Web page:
HomeSupply Chain Management and Cybersecurity: Is there a relationship? (Spoiler Alert: COVID-19 = Proof of Concept)
Supply Chain Management and Cybersecurity: Is there a relationship? (Spoiler Alert: COVID-19 = Proof of Concept)
March 12, 2020
The importance of an effective supply chain management cannot be overstated. Simply expressed, it is the process through which companies seek to maximize profit and overall success through the timely provision of goods and services to customers, whom they undoubtedly want to retain as such. The same logic applies to all organizations, regardless if they exist for profit or as a non-profit. In all senses, organizations are expected to provide some form of product or service of value to the customer.
As with any form of management, risk – and the assessment of its degree – is involved. (Seriously, just ask my Actuarial friend. He will confirm it.) Combining the terms, supply chain (+ risk) management, in an enterprise risk management sense, includes the responsibility of ensuring the availability and delivery of services…and in the current, global focus…goods via the internet. Search Amazon for hand sanitizer. To that end, good luck finding anything that will arrive before late April or early May.
The current COVID-19 (Coronavirus) Pandemic unfortunately provides an excellent opportunity to illustrate the importance of both supply chain risk management in IT enterprise management strategic planning. For example, if an organization is in the midst of upgrading its infrastructure, an interruption could affect their ability to complete all required actions and successfully transition and reconnect network users. In the event of a shortage of United Parcel Service (UPS) or Federal Express (FEDEX) support personnel or drivers due to illness, necessary IT equipment like Uninterruptable Power Supplies (UPS) may not arrive on time and delay cutover completion. Residually, this will affect the organization’s ability to install, configure, and put into production the equipment necessary to maintain a positive, profit margin.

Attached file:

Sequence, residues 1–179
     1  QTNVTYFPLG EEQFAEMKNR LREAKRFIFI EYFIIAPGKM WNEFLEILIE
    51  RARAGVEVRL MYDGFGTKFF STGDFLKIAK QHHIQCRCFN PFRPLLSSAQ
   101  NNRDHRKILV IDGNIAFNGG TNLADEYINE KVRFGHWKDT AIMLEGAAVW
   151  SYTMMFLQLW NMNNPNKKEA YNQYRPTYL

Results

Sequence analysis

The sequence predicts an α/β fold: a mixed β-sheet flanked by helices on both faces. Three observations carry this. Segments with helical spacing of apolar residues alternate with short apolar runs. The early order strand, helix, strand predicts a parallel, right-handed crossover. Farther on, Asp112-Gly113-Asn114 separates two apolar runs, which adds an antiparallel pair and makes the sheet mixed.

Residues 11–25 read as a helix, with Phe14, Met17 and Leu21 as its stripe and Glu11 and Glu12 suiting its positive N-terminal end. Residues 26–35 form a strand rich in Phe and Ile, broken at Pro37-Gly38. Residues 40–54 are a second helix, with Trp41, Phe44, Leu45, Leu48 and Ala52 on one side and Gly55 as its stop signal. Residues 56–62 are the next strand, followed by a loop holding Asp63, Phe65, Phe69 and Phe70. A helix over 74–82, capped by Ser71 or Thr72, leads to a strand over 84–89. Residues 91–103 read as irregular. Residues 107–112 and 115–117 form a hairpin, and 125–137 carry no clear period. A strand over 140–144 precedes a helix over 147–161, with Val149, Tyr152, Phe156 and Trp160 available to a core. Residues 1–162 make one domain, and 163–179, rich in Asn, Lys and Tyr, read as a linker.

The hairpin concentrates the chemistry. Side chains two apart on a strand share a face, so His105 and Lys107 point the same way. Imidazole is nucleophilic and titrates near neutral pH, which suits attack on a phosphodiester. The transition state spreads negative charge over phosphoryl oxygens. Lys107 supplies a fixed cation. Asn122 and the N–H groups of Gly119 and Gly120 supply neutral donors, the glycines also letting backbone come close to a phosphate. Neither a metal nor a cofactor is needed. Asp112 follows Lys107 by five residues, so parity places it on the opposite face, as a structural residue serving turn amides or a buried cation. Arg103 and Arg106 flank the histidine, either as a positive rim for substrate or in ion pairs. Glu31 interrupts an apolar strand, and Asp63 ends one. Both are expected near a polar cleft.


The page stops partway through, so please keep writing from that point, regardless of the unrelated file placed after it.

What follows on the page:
This type of scenario is exactly what was foreseen in the President Obama administration’s 2012 National Strategy for Global Supply Chain Security. This strategy acknowledged the importance of the sustainment of the current, global-level system that relies, in part, on “information technology and cyber and energy networks.” The stressing of supply chain risk management is not limited to just this strategy, though. It is also specifically mentioned in the administration’s Comprehensive National Cybersecurity Initiative, which includes an initiative directly focused on the development of a “multi-pronged approach for global security.” Ultimately, through the emphasis placed on the subject by his administration’s Executive Office and the very real pandemic currently sweeping the globe, there should be no doubt of the importance of managing risk, as it applies to supply chain management and, in the IT sense, enterprise management.
Based upon the vernacular and content of President Donald Trump’s, March 12, 2020 address to the nation, it appears the administration is focused more upon allaying “gut instinct” fears than actually acknowledging and addressing second, third, and fourth tier effects of instituting both travel and cargo shipment bans. This is not to say that it is unwise, as it should help to curb the spread of the virus, but the next two questions are nevertheless valid. What happens to small, mid-size, and large companies whose web-based supply chains suffer as a result? Will Small Business Administration (SBA) loans or their internally-identified, risk avoidance measures be enough to stave off insolvency?
Ultimately, the initially offered measures may be effective to a degree, but a seed of doubt remains. Will they effectively address the contagion threat, or will they unintentionally exacerbate the problem, while the Coronavirus continues to spread because of individual obstinance to medical reality? As with so many other times throughout history, critical thinking is key, and we can only hope that the powers that be will be swayed toward objectivity and transparency, rather than the peaceful placation of the masses, through technological persuasion (read: brace yourself for the anti-virus and virus conspiracy Facebook posts). In the meantime, the only, universally sound advice is to embrace every hand sanitization opportunity…and hope for best.
Justin Gehrke is a veteran Cybersecurity consultant. His vision is to help foster a true Culture of Cybersecurity Compliance across public and private IT sectors. In his spare time, he enjoys reading and herding unruly packets.